Originality/value

To one's knowledge very little research has examined the relationship between logo redesign and brand attitude. Henderson et al.'s call to examine consumer responses to changes in design stimuli is followed. Importantly, the study is the first to show that visual elements of a brand (e.g. logo) can differentially impact consumer response based on brand commitment to such an extent that strongly committed customers react more negatively than weakly committed customers to redesigned logos.

Details

Journal of Product & Brand Management, vol. 19 no. 2
Type: Research Article
ISSN: 1061-0421

Keywords

Article
Publication date: 13 September 2011

Michael F. Walsh, Karen Page Winterich and Vikas Mittal

This research aims to explore how consumer responses to logo redesign (from angular to rounded) are contingent on brand commitment and self‐construal. The authors aim to…

4511

Abstract

Purpose

This research aims to explore how consumer responses to logo redesign (from angular to rounded) are contingent on brand commitment and self‐construal. The authors aim to explore two issues. First, what is the role of brand commitment on response to logo redesign and underlying brand attitude? Second, how does situational accessible self‐construal influence brand commitment in situations like this?

Design/methodology/approach

This research uses two field experiments; one using the general public via mall intercepts and the second with undergraduate college students.

Findings

In two studies the authors show that brand commitment negatively influences evaluation of inconsistent information (i.e. rounded logo), and this negative logo evaluation mediates the impact on brand attitude. They also find that motivated reasoning may be at play showing that when faced with inconsistent information brand commitment not only increases thought generation but, specifically, negative thoughts about the logo. Study 2, using more realistic stimuli shows that the deleterious effect of inconsistent information (i.e. new logo) is attenuated when the inconsistent information – i.e. rounded logo – is congruent with the consumers' self‐construal (i.e. interdependent self‐construal).

Research limitations/implications

The authors advance the literature on self‐construal in advertising by identifying that self‐construal framing of ads may impact consumer response regardless of individual differences in self‐construal. They build on the work of Tsai who examined the effects of consumer characteristics such as product involvement and product knowledge in light of self‐construal differences on ad evaluation and purchase intentions.

Practical implications:

The findings presented here suggest that consumers' responses to atypical brand information may be dependent on their level of brand commitment. This research shows that logo redesign in particular, and introduction of inconsistent information in general is a process that should be carefully managed. The second experiment shows that the independent message frame is the preferred approach for multi cultural/global marketers. In primarily independent cultures, one should target highly committed customers. In primarily interdependent cultures one can target both strongly and weakly committed consumers. These findings can help companies entering international markets or dealing with global brands. Beyond advertising, this research has application to other forms of brand aesthetics including packaging and web site design.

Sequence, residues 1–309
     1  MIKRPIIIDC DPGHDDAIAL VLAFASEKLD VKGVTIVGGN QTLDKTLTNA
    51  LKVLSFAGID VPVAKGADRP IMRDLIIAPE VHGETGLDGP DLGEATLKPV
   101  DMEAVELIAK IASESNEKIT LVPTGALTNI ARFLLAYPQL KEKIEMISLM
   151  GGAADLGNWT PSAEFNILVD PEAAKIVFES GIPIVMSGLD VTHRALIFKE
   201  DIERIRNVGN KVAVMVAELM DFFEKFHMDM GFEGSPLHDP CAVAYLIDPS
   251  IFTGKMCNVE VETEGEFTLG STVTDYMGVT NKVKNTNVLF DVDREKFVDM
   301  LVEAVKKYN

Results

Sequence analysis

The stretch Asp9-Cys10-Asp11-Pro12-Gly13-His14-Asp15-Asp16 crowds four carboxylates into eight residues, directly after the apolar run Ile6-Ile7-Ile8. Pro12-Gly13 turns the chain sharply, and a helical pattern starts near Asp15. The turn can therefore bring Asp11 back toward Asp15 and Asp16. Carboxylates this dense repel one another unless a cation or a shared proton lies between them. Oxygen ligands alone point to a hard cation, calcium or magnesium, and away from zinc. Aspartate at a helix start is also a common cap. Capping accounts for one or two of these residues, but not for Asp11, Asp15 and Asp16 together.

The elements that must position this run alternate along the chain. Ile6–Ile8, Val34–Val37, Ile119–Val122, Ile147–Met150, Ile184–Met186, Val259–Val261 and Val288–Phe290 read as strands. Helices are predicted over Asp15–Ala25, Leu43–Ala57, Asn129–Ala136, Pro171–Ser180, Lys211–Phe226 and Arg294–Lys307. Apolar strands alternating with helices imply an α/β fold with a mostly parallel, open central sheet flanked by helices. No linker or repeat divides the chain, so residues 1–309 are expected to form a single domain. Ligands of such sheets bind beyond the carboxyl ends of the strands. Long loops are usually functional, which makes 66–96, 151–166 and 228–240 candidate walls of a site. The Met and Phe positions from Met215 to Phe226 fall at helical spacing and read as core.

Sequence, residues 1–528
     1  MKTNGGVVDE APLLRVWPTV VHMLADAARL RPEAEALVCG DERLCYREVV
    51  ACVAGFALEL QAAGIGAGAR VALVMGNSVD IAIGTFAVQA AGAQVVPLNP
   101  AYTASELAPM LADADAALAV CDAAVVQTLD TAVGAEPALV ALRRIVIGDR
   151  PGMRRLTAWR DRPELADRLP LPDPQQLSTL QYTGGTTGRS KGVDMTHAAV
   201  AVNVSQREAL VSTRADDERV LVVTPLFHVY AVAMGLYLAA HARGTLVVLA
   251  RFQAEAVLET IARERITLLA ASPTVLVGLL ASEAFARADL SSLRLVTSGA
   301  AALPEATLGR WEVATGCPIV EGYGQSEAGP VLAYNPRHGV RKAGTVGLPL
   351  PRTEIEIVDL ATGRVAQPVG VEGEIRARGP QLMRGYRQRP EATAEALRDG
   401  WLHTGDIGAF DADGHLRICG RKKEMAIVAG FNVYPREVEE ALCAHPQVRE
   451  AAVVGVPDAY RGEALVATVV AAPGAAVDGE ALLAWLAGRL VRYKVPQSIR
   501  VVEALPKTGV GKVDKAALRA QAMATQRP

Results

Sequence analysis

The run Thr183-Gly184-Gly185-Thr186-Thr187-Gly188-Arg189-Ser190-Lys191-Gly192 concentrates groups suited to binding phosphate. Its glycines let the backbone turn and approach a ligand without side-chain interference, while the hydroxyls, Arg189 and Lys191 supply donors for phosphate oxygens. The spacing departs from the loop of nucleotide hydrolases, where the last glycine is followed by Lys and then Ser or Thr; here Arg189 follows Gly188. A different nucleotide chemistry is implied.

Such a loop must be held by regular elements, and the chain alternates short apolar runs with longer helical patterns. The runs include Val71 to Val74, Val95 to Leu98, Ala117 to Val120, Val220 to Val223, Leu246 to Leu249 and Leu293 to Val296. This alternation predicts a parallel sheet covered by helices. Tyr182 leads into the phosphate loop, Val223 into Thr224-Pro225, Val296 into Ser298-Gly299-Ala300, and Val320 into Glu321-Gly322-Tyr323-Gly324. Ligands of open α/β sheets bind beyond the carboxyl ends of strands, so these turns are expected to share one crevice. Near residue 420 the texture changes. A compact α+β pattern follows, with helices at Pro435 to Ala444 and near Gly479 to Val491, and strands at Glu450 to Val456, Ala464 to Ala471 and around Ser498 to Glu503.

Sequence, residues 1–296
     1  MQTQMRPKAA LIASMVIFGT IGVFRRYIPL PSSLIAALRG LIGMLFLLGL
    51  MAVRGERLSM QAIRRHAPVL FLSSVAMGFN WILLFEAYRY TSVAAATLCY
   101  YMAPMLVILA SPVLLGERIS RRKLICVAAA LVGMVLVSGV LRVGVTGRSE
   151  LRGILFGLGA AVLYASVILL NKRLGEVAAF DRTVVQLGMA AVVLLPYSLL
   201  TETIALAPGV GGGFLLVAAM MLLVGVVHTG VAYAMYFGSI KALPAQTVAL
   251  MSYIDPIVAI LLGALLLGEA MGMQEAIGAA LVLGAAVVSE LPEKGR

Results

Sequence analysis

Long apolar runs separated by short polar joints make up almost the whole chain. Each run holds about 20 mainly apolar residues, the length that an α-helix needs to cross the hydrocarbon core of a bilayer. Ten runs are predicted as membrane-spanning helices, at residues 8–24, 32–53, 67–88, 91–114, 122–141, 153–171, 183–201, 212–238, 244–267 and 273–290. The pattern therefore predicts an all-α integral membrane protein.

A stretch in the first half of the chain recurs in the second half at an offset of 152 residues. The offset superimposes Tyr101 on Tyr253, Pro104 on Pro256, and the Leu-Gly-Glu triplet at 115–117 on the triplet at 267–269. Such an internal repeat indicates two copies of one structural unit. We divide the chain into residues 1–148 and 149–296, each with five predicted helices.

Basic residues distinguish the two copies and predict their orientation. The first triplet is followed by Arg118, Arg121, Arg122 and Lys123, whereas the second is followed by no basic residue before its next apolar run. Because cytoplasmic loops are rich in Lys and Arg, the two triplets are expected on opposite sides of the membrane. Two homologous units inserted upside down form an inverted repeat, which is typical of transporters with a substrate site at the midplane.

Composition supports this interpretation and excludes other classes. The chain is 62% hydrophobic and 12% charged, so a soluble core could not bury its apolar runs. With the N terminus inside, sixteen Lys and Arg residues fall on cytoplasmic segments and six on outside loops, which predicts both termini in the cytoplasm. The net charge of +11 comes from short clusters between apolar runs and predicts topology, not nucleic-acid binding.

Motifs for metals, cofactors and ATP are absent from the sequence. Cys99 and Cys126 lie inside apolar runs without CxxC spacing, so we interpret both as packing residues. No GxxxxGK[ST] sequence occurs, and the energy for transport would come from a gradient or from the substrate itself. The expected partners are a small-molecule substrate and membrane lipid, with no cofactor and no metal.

Originality/value

This study is the first to show that self‐construal framing can act as a boundary condition on the role that consumer commitment plays in shaping ad evaluations and purchase intentions regardless of chronic self‐construal.

Details

Journal of Consumer Marketing, vol. 28 no. 6
Type: Research Article
ISSN: 0736-3761

Keywords

Article
Publication date: 1 December 1999

Jon‐Arild Johannessen, Johan Olaisen, Jon‐Arild Johannessen and Bjørn Olsen

In the knowledge economy, where the business environment is characterised by turbulence and complexity, knowledge is the main source of creating both innovation and…

7047

Abstract

In the knowledge economy, where the business environment is characterised by turbulence and complexity, knowledge is the main source of creating both innovation and sustainable competitive advantage. This paper describes a conceptual model and an associated set of managerial and organising implications for the innovation‐led company. The question we are trying to answer is: which management and organising characteristics are necessary to manage innovation in the knowledge economy? The paper is based on in‐depth interviews of 32 CEOs and top executives in leading European organisations, 40 people known internationally for their ability to achieve and maintain a position among the top performers in their fields, and a “best practice study” of five leading international companies.

Details

European Journal of Innovation Management, vol. 2 no. 3
Type: Research Article
ISSN: 1460-1060

Keywords

Book part
Publication date: 25 October 2011

Galway provided another example of ‘risk society’ with the outbreak of a parasitic-related contamination of municipal water supplied in 2007. The ‘Galway Water Crisis…

Abstract

Galway provided another example of ‘risk society’ with the outbreak of a parasitic-related contamination of municipal water supplied in 2007. The ‘Galway Water Crisis’ emerged in March of 2007, in the aftermath of an outbreak of the cryptosporidium parasite in the local water system.1 This crisis reflects the failure to protect large bodies of water such as Lough Corrib from the impacts of human development. As the degradation of water supplies has continued, urban centres such as Galway have had to contend with boil notices, health warnings and a political ‘blame game’ in the run-up to the 2007 election. This chapter will examine the key issues surrounding the water crisis in the west, detailing the costs of this issue to those charged with dealing with it.

Details

Community Campaigns for Sustainable Living: Health, Waste & Protest in Civil Society
Type: Book
ISBN: 978-1-78052-381-1